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Bacon Fu

Of all the kung fu activities that have taken place in my kitchen, nothing garners more attention than bacon. In fact, it seems to trump every other accomplishment in my entire life. I have a black belt in kung fu. I have a 3.97 GPA. I jumped out of a perfectly good airplane. I went on a mission trip to Bolivia. No one could possibly care less. But the minute I say, “I make my own bacon” people come flocking over like a bunch of geese at the park and I have a loaf of bread.

Since there’s been so much interest I thought I’d put together another post with some more details about the bacon process and what I’ve learned so far. I’ve done it three times and it really does get easier each time. Generally less stressful except for when your heat source dies on you one hour into smoking (more on that later).

Pork side coming out of the three-day brine

So I use Alton Brown’s bacon recipe .  I may be ready to branch out soon. But for first timers (or third-timers) I recommend it because it is tried and true. And you don’t want to risk wasting your whole beautiful pork side on a brine that ends up being less than you expected.

The pork belly is in the brine for three whole days. I usually have trouble keeping the meat submerged so I fill an empty jar (like an olive jar) with water and rest it on top to keep it down. When you pull the belly out, it kind of looks like it’s already been cooked a bit – all nice and preserved with the salt in the brine.

Bacon getting blown.

For the next step, drying, I set up a fan in the guest bathroom (the room in the house with the least amount of cat hair floating around), point it right over my side (skin side down, on top of a rack sitting on a sheet pan to catch drips). I’ll leave it for a minimum of an hour to form a pellicle (kind of a dry film over the meat).

After the drying, the meat needs to be hung in the smoker. I use my hand-me-down Pit Master because it conveniently has two sections, one lower to hold the heat source and wood, an upper chamber to catch the smoke. I open the vent in the main section just a hair to keep the smoke being pulled through the unit. For hanging, I poke four holes completely

Blown bacon with the pellicle.

through the meat from the skin side and use the wire clothes hanger rig that test subject Bill invented last year. I noticed that there is some type of coating on the hangers, though, so I won’t use the same ones more than twice now. If it was a hot smoke I’d be worried, but since no heat is applied during the process I’m sort of ok with it. Alright not really. It bugs me and I’m thinking up a better hanging solution.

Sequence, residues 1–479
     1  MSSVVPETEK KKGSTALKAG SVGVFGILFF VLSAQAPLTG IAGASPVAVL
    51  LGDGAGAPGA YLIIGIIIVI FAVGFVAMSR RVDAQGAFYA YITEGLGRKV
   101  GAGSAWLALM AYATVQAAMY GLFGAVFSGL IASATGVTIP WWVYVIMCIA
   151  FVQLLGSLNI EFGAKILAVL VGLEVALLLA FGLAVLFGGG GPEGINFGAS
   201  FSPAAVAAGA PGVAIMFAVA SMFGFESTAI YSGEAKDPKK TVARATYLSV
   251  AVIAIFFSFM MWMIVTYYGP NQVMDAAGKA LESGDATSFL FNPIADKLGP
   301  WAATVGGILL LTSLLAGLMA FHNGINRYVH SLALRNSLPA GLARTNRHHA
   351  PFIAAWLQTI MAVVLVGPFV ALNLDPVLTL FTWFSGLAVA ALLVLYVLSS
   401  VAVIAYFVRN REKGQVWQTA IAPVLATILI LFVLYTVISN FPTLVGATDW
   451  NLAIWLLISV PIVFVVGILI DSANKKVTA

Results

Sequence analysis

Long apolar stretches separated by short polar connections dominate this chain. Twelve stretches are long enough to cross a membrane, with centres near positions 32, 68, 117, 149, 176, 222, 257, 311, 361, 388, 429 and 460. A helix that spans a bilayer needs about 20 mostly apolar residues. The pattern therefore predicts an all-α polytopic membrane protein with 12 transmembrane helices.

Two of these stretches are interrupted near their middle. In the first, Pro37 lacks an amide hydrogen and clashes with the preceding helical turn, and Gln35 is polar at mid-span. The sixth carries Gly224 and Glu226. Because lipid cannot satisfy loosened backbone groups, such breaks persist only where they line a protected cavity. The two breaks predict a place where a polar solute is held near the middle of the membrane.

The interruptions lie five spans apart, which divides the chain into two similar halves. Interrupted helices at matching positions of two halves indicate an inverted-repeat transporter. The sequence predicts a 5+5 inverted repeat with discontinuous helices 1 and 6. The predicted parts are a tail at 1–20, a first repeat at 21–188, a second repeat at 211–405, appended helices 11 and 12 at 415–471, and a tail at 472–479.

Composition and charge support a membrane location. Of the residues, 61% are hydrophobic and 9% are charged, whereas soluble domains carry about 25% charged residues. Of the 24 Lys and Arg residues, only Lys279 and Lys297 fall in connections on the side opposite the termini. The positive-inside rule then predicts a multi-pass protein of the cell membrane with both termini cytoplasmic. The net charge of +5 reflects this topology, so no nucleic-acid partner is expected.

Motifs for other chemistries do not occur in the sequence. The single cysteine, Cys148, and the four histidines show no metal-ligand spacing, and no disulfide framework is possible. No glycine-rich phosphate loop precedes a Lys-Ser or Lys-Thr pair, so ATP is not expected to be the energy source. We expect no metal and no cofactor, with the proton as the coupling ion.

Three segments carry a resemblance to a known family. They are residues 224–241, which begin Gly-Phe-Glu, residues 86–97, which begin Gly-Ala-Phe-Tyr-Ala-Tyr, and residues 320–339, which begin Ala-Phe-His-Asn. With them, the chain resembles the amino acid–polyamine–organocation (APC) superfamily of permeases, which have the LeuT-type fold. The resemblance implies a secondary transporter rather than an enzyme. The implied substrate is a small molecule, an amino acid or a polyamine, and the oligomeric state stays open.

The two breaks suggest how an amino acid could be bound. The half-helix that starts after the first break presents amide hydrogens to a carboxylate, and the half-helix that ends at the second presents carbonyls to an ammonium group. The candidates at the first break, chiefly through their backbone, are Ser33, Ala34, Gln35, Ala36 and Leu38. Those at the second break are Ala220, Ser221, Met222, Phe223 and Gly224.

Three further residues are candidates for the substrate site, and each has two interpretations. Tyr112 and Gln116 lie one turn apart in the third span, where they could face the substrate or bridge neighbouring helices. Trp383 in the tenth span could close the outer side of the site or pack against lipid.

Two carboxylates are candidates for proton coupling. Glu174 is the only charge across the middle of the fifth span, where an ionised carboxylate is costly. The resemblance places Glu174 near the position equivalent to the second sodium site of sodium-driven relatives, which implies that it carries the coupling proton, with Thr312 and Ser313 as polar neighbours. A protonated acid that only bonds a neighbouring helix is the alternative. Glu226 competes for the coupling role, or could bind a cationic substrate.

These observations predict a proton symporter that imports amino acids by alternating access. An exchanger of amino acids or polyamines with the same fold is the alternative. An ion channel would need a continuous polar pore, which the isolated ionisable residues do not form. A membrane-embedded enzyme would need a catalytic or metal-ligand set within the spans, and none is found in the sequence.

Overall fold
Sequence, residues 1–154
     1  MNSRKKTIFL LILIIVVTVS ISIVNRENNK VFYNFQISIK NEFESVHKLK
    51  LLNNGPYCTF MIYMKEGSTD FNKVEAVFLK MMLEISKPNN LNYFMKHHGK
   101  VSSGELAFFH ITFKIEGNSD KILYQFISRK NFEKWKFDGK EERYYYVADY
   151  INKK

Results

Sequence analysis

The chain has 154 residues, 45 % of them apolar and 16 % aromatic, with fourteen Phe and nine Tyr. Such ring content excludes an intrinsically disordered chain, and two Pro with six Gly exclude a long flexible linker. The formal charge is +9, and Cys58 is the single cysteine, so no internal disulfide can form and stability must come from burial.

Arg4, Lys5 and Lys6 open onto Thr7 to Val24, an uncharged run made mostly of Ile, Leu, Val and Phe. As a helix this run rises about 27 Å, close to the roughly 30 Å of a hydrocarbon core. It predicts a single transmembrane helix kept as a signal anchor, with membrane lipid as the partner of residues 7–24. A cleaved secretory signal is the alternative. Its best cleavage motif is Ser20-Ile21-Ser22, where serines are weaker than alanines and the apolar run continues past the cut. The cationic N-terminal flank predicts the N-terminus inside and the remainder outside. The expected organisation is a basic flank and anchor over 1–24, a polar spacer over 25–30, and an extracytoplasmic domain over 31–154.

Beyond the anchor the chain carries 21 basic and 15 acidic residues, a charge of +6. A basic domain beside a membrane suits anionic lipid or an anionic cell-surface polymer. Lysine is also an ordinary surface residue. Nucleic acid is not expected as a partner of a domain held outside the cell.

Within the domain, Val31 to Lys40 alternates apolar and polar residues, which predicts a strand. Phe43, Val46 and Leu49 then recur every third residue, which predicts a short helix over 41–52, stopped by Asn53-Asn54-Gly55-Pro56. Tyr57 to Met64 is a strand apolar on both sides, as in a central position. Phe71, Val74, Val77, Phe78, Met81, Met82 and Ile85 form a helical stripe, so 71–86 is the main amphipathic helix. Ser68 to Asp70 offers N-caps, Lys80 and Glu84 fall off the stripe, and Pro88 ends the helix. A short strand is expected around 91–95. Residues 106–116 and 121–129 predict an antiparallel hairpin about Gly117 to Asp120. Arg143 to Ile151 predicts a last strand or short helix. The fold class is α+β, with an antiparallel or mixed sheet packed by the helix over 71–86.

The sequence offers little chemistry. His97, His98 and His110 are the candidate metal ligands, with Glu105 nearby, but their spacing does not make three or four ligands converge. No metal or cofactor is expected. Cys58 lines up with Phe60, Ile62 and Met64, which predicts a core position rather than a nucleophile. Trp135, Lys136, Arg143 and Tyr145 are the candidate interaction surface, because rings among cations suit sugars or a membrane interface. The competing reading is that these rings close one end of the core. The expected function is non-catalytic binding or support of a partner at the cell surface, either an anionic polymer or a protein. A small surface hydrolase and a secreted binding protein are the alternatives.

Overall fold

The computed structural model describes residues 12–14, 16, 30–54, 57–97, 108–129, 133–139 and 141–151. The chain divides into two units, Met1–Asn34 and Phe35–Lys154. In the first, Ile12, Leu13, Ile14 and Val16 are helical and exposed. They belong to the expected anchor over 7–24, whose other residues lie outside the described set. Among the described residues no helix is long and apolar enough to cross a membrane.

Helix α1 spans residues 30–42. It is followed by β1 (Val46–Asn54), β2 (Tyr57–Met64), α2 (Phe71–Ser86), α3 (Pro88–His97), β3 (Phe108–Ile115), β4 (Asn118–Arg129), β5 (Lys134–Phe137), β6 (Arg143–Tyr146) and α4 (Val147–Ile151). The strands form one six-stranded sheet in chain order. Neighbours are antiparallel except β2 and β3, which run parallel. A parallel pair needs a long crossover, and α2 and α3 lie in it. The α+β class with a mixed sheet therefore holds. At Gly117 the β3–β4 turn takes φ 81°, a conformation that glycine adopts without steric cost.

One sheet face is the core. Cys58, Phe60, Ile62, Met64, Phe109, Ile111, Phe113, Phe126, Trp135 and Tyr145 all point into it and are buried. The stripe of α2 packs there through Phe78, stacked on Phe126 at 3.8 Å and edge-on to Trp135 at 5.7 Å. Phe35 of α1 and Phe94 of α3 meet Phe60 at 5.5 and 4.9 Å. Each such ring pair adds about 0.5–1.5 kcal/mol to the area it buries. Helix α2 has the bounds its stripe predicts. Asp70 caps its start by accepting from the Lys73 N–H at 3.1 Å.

I use the tin can and soldering iron method to produce smoke with very little heat exposure to the pork side. The can holds the wood pellets (I’ve been using hickory), a hole in the lid holds the soldering iron in the wood. It heats up and the smoke

Bacon getting poked.

miraculously pours out and gets sucked through the Pit Master.

Now, about soldering irons. The one I used originally was a 30 watt super cheapie. One hour into my second bacon making experience, the piece of junk died. I had to drop everything and run out for a new one. Of course, they didn’t have the same one I bought before. I ended up paying twice the price for a less powerful model, but it may have been serendipity. My $15 25-watt iron has successfully smoked two batches of bacon and still gets hot enough to brand “Bacon Freak” into your skin. Don’t ask me how I know that. Also, the lower wattage iron seems to cook the wood pellets more

Can smoker to cooler set up

evenly, giving me more efficiency out of my pellets. With the 30-watt when I pulled it out of the can, half the pellets would be burnt to a crisp and half of them would be untouched. I get more even results with the 25-watt, lessening the possibility of my precious bacon being smoked with burnt-smelling smoke. It does seem to produce less smoke, though, so I made up for the difference by letting it go in the smoker an extra hour (about six hours total).

Even on cooler days, I put the blue ice packs into the main compartment with the hanging meat to keep it cool and the help cool down the smoke as it heads through. How often they get changed out though depends on the heat of the day.

Soldering irons for the can smoker.

Making your own bacon sounds like a lot of work, and it is although largely unattended and does get easier the more you do it. But when you munch down on a bacon cheeseburger that sports the bacon you made, it’s truly tasting the fruits of your labor.

Wire hanger hooks for bacon hanging.

Hanging bacon, pre-smoke. Post-smoke it looks pretty much the same.

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